Watching the Seahawks in recent seasons, that's not how they played defense.
"If you watch the game and there's a pass 5, 10 yards in the flat, you'll see a couple of D-linemen getting into the picture," Tongue said.
The flip side is, if it's a run, you'll see D-backs in the picture, not just offering run support but forcing the run.
The Seahawks work on this in practice every day. In fact, it's the first thing new coordinator Ray Rhodes has them do -- run to the sideline and back, as a group. It helps with conditioning. But it also helps hone that run-to-the-ball mentality.
"It becomes contagious," cornerback Willie Williams said.
So, "Seattle Swarm" it is?
No, said the look of mock disgust that washed across the face of veteran tackle John Randle.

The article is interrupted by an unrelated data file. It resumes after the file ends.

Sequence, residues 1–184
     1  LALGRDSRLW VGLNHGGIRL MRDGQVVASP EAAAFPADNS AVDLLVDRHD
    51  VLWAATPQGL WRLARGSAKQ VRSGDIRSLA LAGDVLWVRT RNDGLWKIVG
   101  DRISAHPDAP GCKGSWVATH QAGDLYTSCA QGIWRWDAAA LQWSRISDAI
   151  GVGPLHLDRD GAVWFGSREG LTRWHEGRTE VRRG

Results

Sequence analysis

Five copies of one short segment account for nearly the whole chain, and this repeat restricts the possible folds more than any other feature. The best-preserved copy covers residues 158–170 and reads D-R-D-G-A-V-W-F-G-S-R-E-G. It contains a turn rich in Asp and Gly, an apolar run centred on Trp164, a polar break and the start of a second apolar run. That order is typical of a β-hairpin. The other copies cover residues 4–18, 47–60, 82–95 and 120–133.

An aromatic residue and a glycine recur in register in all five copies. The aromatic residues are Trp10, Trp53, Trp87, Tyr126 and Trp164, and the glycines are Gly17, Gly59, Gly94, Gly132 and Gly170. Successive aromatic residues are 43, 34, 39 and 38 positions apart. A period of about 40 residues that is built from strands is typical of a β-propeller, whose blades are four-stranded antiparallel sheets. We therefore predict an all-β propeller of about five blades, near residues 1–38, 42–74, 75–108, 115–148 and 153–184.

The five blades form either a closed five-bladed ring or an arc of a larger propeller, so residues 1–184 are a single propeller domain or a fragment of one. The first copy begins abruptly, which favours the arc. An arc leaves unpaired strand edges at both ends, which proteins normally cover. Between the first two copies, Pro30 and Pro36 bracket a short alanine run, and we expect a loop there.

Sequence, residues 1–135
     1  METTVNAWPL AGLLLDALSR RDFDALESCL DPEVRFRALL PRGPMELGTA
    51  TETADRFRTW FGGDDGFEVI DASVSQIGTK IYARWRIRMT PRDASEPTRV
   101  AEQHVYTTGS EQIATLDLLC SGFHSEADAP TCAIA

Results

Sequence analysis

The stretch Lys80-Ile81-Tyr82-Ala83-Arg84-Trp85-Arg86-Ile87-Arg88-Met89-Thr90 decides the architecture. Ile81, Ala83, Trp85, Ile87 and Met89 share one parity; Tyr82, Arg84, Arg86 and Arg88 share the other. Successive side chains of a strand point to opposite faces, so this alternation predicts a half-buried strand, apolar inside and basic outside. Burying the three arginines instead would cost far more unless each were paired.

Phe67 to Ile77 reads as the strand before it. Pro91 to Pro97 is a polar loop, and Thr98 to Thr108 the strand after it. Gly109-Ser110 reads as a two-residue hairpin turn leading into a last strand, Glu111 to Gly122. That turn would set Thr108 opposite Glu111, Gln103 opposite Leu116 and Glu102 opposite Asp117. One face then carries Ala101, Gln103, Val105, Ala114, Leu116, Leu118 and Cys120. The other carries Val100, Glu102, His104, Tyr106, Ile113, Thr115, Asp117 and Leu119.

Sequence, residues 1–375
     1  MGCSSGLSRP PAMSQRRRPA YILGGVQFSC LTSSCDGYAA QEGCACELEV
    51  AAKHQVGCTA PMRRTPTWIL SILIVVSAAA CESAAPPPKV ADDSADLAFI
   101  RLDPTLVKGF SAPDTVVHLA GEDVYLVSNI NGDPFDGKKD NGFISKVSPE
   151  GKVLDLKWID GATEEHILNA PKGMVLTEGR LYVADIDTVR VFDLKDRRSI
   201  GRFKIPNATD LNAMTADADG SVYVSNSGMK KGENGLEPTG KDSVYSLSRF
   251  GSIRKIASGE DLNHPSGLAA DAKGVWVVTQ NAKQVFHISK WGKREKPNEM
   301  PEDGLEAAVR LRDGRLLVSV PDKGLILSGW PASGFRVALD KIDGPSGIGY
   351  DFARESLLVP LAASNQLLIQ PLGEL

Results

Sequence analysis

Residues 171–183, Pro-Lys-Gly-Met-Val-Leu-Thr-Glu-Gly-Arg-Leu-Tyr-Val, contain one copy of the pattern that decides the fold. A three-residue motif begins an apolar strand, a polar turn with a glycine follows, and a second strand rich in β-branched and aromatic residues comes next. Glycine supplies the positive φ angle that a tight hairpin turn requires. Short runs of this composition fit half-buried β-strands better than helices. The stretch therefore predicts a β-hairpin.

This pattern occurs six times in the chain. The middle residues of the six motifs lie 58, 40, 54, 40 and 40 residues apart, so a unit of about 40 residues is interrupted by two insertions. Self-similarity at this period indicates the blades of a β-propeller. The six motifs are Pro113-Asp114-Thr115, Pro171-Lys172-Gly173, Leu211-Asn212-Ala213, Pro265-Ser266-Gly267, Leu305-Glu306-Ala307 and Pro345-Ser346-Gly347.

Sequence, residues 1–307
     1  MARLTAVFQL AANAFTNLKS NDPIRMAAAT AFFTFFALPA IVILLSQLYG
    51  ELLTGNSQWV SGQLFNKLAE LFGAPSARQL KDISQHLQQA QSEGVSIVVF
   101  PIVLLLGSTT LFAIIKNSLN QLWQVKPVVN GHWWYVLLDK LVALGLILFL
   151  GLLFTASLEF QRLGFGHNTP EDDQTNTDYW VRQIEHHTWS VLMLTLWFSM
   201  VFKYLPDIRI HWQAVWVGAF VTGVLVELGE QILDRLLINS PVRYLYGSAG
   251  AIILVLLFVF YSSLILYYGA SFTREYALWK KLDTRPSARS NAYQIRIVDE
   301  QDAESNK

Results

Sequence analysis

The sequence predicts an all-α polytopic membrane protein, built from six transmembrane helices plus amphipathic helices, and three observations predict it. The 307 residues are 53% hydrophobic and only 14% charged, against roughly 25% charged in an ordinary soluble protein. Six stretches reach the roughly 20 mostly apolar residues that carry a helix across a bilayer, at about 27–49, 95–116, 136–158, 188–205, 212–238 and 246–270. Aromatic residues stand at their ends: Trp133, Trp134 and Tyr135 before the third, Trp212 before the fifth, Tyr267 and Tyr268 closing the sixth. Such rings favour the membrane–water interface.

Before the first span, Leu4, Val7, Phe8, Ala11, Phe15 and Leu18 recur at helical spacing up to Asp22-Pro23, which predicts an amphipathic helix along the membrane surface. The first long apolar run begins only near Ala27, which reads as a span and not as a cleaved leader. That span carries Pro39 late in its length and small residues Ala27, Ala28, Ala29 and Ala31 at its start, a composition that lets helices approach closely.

"The only thing we need to be concerned with is just keep playing," he said. "We do that -- week in, week out -- things will fall into place and people will give us nicknames."
Godfrey? "Nah," he said. "We just have to keep playing aggressively, getting off blocks and helping each other. But a nickname? Not right now."
So, what then? Surely these guys deserve a nickname.
"I do think they deserve one," quarterback Matt Hasselbeck said. "I'm just not creative enough to come up with one."
There was only one person who could help me on this quest: Shawn Springs. Sure, the veteran cornerback is sidelined with a broken shoulder blade. But this stuff comes so easily to Springs.
"Not yet," he said. "We've got to really tighten up. Give us eight games."
Hum. I'll keep working on it, and get back to you.